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Our key to growth success? Get your support networks right

When my husband and I started SEaB in 2009 we set out to find a niche in renewable energy options for large oil and gas corporates. Fast forward nearly ten years and we’ve grown the team to 22 people and become the leading small waste-to-energy product globally. Our patented MuckBuster and Flexibuster systems transform waste into energy and fertiliser on-site and are considered key components of the Future Cities planning process.

Despite our successes, it’s not all been plain sailing and growing a company from two to 22 employees has taken a new level of determination and skill that we have developed as we go.

If you’re an SME find out more about our Scale-Up Programme here

Some of the biggest challenges we’ve faced have been around growing the team and the hiring process. As soon as you start hiring, you also start managing people as well as managing the day-to-day business, and that is a challenge in itself. Initially it’s hard not to micro-manage as you’re so used to having control over everything. Life becomes more challenging when people are no longer sitting in the same room and you can’t be party to every conversation. You’ve got to be clear about who is doing what and let people get on with it.

iStock-474064070.jpegIt’s essential to keep up the pace that you started with too. As a start up you can be lean and nimble and react to changes as quickly as they arise. As the team and the business grows it’s harder to do but that doesn’t make it any less important.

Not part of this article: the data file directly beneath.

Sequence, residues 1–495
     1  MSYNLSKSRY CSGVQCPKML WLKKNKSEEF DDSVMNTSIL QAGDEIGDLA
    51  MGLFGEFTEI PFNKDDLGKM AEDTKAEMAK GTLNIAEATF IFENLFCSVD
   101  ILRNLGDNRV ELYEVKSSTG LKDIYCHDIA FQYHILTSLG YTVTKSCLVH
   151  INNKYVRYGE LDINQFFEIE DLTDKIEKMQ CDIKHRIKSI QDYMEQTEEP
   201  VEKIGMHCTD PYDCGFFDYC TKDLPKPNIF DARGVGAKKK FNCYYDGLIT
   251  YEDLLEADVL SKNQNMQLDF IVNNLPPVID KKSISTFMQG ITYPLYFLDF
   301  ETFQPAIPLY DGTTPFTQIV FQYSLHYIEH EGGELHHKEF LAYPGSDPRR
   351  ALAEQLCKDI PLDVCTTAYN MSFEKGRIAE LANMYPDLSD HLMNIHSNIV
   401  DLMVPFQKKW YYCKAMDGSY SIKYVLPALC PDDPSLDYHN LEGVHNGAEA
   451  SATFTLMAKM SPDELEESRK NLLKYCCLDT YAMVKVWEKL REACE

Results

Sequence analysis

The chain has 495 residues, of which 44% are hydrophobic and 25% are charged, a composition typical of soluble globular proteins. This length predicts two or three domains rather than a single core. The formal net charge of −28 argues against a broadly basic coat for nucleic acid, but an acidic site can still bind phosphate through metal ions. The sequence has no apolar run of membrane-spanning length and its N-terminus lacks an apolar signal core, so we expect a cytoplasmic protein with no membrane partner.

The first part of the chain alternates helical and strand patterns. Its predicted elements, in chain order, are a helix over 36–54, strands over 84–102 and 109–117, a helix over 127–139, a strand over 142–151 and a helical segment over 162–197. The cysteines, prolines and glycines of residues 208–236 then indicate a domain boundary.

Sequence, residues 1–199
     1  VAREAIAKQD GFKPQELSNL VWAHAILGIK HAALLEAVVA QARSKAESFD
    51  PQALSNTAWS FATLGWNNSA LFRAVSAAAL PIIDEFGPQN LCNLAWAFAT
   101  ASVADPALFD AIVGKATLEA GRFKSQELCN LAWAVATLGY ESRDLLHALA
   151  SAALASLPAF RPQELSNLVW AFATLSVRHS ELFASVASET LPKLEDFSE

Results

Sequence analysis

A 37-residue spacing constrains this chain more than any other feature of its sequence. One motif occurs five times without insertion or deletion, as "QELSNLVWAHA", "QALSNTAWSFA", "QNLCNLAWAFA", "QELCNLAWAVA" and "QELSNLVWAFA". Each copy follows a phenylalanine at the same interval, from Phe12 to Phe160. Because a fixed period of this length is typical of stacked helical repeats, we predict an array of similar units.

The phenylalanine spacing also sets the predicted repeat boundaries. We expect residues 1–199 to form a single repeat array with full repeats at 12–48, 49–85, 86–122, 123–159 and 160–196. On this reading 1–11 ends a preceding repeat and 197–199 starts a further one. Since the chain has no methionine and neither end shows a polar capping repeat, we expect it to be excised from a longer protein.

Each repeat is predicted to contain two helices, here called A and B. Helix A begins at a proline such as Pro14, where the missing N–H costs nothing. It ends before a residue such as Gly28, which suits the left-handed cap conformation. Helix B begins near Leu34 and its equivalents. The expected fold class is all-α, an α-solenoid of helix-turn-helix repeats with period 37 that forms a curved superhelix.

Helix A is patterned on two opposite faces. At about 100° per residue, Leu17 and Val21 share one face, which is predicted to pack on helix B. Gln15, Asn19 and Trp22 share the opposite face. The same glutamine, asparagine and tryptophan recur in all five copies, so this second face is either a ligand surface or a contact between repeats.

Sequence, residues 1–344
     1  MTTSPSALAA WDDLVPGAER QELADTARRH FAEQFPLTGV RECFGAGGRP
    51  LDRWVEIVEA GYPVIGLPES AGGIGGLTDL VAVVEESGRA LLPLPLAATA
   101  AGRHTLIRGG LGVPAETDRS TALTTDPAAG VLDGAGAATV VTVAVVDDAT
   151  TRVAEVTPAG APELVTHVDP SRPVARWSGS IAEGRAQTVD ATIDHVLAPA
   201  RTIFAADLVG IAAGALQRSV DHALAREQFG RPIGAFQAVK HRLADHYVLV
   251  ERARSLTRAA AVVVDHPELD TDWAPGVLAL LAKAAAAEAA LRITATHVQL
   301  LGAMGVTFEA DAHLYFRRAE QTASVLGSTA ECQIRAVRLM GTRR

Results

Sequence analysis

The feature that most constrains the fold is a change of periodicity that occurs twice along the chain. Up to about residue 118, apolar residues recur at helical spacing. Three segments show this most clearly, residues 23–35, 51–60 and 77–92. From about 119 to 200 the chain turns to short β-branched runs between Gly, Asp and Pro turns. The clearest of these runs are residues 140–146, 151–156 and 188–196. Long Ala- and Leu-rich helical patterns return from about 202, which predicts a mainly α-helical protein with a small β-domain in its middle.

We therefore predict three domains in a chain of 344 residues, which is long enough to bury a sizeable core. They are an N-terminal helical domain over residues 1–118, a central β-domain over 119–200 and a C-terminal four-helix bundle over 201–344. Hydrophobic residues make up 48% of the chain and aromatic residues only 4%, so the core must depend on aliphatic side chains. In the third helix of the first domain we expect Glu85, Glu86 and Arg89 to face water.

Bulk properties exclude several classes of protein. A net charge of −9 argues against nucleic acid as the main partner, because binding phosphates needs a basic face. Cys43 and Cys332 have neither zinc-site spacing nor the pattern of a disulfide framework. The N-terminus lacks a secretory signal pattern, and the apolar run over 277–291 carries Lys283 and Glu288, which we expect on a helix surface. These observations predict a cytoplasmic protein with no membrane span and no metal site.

For us, the real key success factor has been basing ourselves from very early on in an incubator environment. From the University of Southampton Science Park where we’re based, we are constantly surrounded by favourable support networks and our visibility and profile have grown as a result.

SETsquared’s support over this time has been invaluable. Both from casual advice down the hall from Alan Scrase, the SETsquared Southampton Centre Manager, through to more formal feedback and introductions to find both investors and contacts we need who can help solve business problems that we’ve encountered. Having all this on your doorstep really makes the difference.

My advice to other entrepreneurs going through the same transition would be to base yourself in an incubator. Don’t work from home! You need to be in an environment to be visible and soak up the advice and support from like-minded people. Not to mention the fact that it’s a great way to access all the business service offerings like HR or accounts support – allowing us to get on with our core business. When you’ve got  a strong base the only way is up from there.


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  • University of Bristol
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